A role for human endogenous retrovirus-K (HML-2) in rheumatoid arthritis: Investigating mechanisms of pathogenesis

Freimanis, G. and Hooley, P. and Ejtehadi, H.D. and Ali, H.A. and Veitch, A. and Rylance, P.B. and Alawi, A. and Axford, J. and Nevill, A. and Murray, P.G. and Nelson, P.N. (2010) A role for human endogenous retrovirus-K (HML-2) in rheumatoid arthritis: Investigating mechanisms of pathogenesis. Clinical and Experimental Immunology, 160 (3). pp. 340-347. ISSN 00099104 (ISSN)

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Abstract

Human endogenous retroviruses (HERVs) are remnants of ancient retroviral infections within the human genome. These molecular fossils draw parallels with present-day exogenous retroviruses and have been linked previously with immunopathology within rheumatoid arthritis (RA). Mechanisms of pathogenesis for HERV-K in RA such as molecular mimicry were investigated. To clarify a role for HERVs in RA, potential autoantigens implicated in autoimmunity were scanned for sequence identity with retroviral epitopes. Short retroviral peptides modelling shared epitopes were synthesized, to survey anti-serum of RA patients and disease controls. A novel real-time polymerase chain reaction (PCR) assay was also developed to quantify accurately levels of HERV-K (HML-2) gag expression, relative to normalized housekeeping gene expression. Both serological and molecular assays showed significant increases in HERV-K (HML-2) gag activity in RA patients, compared to disease controls. The real-time PCR assay identified significant up-regulation in HERV-K mRNA levels in RA patients compared to inflammatory and healthy controls. Exogenous viral protein expression and proinflammatory cytokines were also shown to exert modulatory effects over HERV-K (HML-2) transcription. From our data, it can be concluded that RA patients exhibited significantly elevated levels of HERV-K (HML-2) gag activity compared to controls. Additional factors influencing HERV activity within the synovium were also identified. The significant variation in RA patients, both serologically and transcriptionally, may be an indication that RA is an umbrella term for a number of separate disease entities, of which particular HERV polymorphisms may play a role in development. © 2010 British Society for Immunology.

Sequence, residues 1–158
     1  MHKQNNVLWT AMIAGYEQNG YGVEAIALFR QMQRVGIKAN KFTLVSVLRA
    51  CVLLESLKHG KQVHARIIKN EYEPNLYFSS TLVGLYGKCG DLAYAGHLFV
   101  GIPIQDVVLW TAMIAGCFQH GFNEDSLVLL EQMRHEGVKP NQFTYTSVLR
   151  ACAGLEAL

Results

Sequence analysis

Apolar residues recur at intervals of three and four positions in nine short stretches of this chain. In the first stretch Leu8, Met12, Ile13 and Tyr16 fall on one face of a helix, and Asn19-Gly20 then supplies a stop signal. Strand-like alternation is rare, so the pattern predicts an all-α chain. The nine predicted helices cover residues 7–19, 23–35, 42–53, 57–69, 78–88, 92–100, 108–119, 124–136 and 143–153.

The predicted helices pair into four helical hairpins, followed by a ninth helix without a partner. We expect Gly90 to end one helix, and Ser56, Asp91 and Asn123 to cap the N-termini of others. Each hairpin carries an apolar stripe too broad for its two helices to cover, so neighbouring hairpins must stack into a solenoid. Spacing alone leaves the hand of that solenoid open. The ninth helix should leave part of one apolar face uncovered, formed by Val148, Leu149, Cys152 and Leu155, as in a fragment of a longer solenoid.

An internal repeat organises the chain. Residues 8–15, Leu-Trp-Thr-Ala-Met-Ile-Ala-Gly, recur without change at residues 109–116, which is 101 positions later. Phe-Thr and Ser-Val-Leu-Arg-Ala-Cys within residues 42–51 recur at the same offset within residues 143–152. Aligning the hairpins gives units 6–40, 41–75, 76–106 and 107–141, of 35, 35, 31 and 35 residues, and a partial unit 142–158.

Item Type: Article
Uncontrolled Keywords: Arthritis, Autoimmunity, Retrovirus, Rheumatology, Virus, autoantigen, cytokine, epitope, Gag protein, messenger RNA, article, autoimmunity, blood sampling, clinical article, controlled study, enzyme linked immunosorbent assay, gene expression, genetic polymorphism, genetic transcription, human, human cell culture, inflammation, nonhuman, nucleotide sequence, pathogenesis, priority journal, real time polymerase chain reaction, Retrovirus, rheumatoid arthritis, RNA extraction, serology, synoviocyte, synovium, upregulation, Adult, Aged, Arthritis, Rheumatoid, Autoantigens, Endogenous Retroviruses, Epitopes, Female, Gene Expression Regulation, Viral, Gene Products, gag, Humans, Male, Middle Aged, Molecular Mimicry, Peptides, Polymorphism, Genetic, RNA, Messenger, RNA, Viral, Synovial Membrane, Transcription, Genetic
Subjects: A300 Clinical Medicine
B900 Others in Subjects allied to Medicine
Divisions: UoA Collections > UoA 03: Allied Health Professions, Dentistry, Nursing & Pharmacy
Depositing User: Yasser Nawaz
Date Deposited: 22 May 2017 08:44
Last Modified: 22 May 2017 08:44
URI: http://www.open-access.bcu.ac.uk/id/eprint/2833

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